H.R. 1, The American Recovery and Reinvestment Act of 2009 (the “Act”), contains numerous provisions that affect bonds issued by states and political subdivisions. 501(c)(3) organizations will be the beneficiaries of some of the amendments made to existing law. The Act liberalizes the rules governing the use of tax-exempt bonds to benefit such entities. Consequently, the use of tax-exempt bonds as a source of funding for capital projects undertaken in 2009 and 2010 has become an option worth more consideration for 501(c)(3) organizations.
The amendments to the Internal Revenue Code make tax-exempt bonds potentially more attractive to investors, which could lead to lower interest rates. 501(c)(3) entities may now borrow up to $30 million – an increase from $10 million - for capital projects in 2009 and 2010 and designate such obligations as “bank qualified” – a designation that will allow financial institutions that purchase such bonds to avoid certain deduction disallowance provisions otherwise applicable to many tax-exempt bonds. The net effect is that a bank that invests in bank qualified 501(c)(3) bonds will no longer be penalized for owning tax-exempt bonds.
Additionally, the bank qualification designation will be easier to come by for two reasons. First, the limitation will be calculated treating a 501(c) (3) beneficiary of such bonds as the “issuer” for tax purposes, not the governmental entity that actually issues the bonds, as was formerly the case. This means that 501(c)(3) entities will not be in competition with general governmental organizations for the bank qualification designation. Second, the $30 million is to be calculated on a user by user basis instead of on a jurisdictional basis as under the prior law. Effectively this means that multiple 501(c)(3) entities within a jurisdiction have the potential to benefit from up to $30 million each of bank qualified bonds.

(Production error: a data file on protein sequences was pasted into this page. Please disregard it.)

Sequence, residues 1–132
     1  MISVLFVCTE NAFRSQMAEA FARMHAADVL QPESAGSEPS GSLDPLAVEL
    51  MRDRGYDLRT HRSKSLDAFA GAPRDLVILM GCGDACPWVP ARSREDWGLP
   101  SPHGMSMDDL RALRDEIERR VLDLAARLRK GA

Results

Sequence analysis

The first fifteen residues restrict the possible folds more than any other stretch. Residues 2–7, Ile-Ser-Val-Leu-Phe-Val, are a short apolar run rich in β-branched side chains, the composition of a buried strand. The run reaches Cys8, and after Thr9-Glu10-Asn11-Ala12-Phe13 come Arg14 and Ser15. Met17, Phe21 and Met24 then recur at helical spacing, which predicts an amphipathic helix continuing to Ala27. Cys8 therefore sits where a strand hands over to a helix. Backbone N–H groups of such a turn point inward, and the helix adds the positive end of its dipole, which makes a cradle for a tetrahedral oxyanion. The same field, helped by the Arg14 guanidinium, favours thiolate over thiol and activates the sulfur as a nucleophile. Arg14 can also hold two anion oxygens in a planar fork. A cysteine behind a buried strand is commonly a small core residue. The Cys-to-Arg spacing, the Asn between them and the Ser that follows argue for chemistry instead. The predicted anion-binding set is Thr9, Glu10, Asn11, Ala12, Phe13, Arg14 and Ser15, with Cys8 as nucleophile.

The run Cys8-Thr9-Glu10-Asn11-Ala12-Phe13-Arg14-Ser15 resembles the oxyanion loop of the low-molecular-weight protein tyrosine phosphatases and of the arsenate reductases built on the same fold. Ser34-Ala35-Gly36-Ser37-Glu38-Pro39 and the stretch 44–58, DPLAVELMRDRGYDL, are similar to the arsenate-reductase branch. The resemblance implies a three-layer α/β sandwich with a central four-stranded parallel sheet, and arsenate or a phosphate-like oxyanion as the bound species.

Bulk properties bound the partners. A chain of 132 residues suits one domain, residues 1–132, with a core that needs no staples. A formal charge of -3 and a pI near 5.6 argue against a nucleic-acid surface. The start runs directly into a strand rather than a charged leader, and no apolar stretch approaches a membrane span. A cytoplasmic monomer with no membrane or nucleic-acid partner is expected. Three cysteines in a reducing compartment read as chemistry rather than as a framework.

Many traditional lending considerations exist in the context of the use of tax-exempt bonds. A 501(c)(3) entity that wishes to use such a financing vehicle must still be deemed creditworthy by potential bond purchasers. And, since the arrangement is a loan, the money must be paid back. The principal benefit of the changes to tax law is that more 501(c) (3) organizations may be able to qualify for treatment that will enable them to get lower interest rates than would have been possible under prior law.
501(c)(3) bonds are also subject to numerous rules and requirements under federal and state law and anyone considering their use should seek the advice of bond counsel early on in the process to assess the usefulness of this financing option.